After two and a half months, there is, finally, a big match–a game that matters not just because it is happening, or because it evokes memories of past derbies, but because it could settle a title. Tuesday's meeting between Borussia Dortmund and Bayern Munich would have been huge anyway, but with the stage clear, Der Klassiker–as the Bundesliga’s international marketing department has dubbed it–is indisputably the center of the footballing world this week.
Bayern’s lead at the top is four points. Win on Tuesday and, with just six games remaining, an eighth straight title would be all but guaranteed. The other sides who might potentially have challenged a duopoly that has endured since 2009 have dropped points since the resumption, with RB Leipzig held at home by Freiburg in the first game back (their third straight Bundesliga draw prior to Sunday's rout of Mainz), while Borussia Monchengladbach lost at home to Bayer Leverkusen on Saturday. Barring something remarkable, it’s just Dortmund vs. Bayern now.
The sides have been in very similar form since the Bundesliga began again. Both have had comfortable home wins–although Bayern may perhaps be a little unnerved by conceding two to Eintracht Frankfurt–and both have recorded slightly disjointed but ultimately comfortable 2-0 wins away against dogged and well-organized opposition.
Robert Lewandowski and Thomas Muller have both returned looking as sharp as ever, but it is that defensive laxity shown by Bayern that gives Dortmund reason for optimism. Bayern had hit the woodwork and drawn a fine save out of Kevin Trapp even before taking the lead against Frankfurt, but Martin Hinteregger’s goals were both the result of weirdly lax marking. The temptation in such unusual circumstances is to assume that the break must be responsible for every glitch, and perhaps Bayern’s vulnerability is simply the result of a lack of practice, particularly given how much of the training that has been possible over the past couple of months has been socially distanced. Or perhaps not; mistakes can happen at any time.
Either way, Dortmund is probably the team in the Bundesliga most likely to expose weaknesses in the back four. Central to that is Erling Haaland, a remarkable center forward who seems physically built to a different scale than almost every other player. Perhaps his touch is not quite so silken as that of some others, perhaps he lacks a little tight technical ability, but he is a brilliant finisher–as his guided first-time side-footed goal against Schalke demonstrated–and his physique presents an almost insoluble problem.
With muscular forwards who are so good in the air, the orthodoxy is to defend high up the pitch, to make sure that if they are winning headers or overpowering defenders they are doing so at a safe distance from goal. But with quick forwards, the logic is the opposite: defend deep and deny them room into which they can accelerate. With Haaland, what do you do? Jerome Boateng, presumably, will look to pick him up, but get too deep and every cross becomes perilous. The last thing a team can do against Haaland, though, is get too high: again and again over the past year, we’ve seen him surging into space before thumping the ball past the keeper.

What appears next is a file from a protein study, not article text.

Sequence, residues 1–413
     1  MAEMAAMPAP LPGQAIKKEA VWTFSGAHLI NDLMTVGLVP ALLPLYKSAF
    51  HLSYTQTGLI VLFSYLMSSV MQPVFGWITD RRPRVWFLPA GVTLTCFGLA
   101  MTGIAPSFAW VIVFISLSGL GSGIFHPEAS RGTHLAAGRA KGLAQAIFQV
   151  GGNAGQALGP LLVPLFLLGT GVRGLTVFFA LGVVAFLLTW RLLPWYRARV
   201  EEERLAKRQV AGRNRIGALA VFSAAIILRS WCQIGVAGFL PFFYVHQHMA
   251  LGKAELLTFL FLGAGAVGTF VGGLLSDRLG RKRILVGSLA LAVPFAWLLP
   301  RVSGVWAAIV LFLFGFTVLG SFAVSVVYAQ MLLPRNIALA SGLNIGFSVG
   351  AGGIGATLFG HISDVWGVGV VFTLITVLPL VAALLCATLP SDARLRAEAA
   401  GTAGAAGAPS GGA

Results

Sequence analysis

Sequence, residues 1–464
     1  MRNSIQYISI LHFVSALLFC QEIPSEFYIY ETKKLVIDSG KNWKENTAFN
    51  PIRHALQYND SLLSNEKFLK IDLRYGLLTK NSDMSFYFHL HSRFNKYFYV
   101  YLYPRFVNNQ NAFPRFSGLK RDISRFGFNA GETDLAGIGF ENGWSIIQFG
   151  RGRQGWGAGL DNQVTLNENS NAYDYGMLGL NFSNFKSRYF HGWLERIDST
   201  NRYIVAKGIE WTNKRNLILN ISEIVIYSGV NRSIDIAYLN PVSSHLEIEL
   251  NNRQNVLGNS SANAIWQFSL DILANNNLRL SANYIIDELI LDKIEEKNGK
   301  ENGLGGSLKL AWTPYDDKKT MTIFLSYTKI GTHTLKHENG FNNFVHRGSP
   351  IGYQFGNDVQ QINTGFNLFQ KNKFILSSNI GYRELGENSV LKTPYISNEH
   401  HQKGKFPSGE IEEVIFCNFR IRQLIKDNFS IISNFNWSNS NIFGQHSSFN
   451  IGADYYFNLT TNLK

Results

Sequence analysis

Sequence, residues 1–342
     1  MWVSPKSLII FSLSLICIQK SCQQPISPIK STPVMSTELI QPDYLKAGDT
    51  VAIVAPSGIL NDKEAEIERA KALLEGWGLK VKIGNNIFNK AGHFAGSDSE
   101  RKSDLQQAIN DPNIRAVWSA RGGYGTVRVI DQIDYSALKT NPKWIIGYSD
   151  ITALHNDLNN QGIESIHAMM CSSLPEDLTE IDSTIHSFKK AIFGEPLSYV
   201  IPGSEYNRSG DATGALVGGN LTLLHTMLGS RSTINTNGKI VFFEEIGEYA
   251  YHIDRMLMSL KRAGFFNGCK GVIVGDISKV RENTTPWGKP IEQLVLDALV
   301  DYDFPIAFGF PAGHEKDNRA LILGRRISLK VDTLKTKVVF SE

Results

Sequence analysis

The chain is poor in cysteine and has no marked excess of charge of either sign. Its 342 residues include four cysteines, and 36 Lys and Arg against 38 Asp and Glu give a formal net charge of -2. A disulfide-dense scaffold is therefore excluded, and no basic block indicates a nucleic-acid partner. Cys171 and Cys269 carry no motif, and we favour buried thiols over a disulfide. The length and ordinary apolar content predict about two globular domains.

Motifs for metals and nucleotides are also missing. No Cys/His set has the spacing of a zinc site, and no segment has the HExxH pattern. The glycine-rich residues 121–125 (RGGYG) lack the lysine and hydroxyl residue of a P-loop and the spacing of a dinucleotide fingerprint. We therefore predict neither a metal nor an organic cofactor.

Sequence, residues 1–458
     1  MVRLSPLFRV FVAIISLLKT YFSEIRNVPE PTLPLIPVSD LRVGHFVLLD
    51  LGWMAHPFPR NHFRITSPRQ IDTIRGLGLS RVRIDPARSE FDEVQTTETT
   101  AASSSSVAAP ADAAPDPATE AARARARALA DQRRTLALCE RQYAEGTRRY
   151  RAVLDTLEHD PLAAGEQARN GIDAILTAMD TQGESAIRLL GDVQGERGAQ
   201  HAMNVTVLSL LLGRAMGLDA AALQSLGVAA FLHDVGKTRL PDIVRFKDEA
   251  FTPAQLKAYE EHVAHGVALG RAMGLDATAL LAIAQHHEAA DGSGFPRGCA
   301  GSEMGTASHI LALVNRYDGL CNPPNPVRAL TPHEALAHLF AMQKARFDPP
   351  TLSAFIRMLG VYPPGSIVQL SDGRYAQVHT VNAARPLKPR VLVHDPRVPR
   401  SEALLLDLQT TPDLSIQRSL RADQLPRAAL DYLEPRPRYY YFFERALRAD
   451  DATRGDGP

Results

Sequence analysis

But it’s not just Haaland that represents a threat for Dortmund. The two creators–Julian Brandt and Thorgan Hazard so far, although Jadon Sancho appeared fit again in his substitute appearance against Wolfsburg on Saturday and Giovanni Reyna lies in reserve–are adept at finding space and drawing defenders out pf position, which is one of the reasons Raphael Guerreiro, surging forward on the left, has been so effective in the past two games. The presence of Joshua Kimmich as the right side of Bayern’s two holding midfielders is beneficial given his familiarity with the fullback position; but still, that triangle of Kimmich, right back Benjamin Pavard and Boateng as the right side of the two central defenders, will come under intense pressure.
Defensively, in as far as it’s possible to judge over two games against lesser opponents, Dortmund has looked rather more secure than it did before lockdown, but there is a sense here that it is not playing just against Bayern but against recent history. Bayern beat Dortmund 4-0 in November, but, more than that, in each of the past three seasons when Bayern has met Dortmund late in the campaign, it has won handsomely, by an aggregate score of 15-1. Each of those three games has been in Munich, which may make some difference–although whether home advantage means as much in a closed stadium is debatable. Dortmund is battling the sense of Bayern superiority.
Whatever the outcome, however the game goes, there is clear sense of how refreshing it is to be talking about actual football again, about tactics, players and the psychology of the game.
Tuesday’s game gives a welcome sense of at least some kind.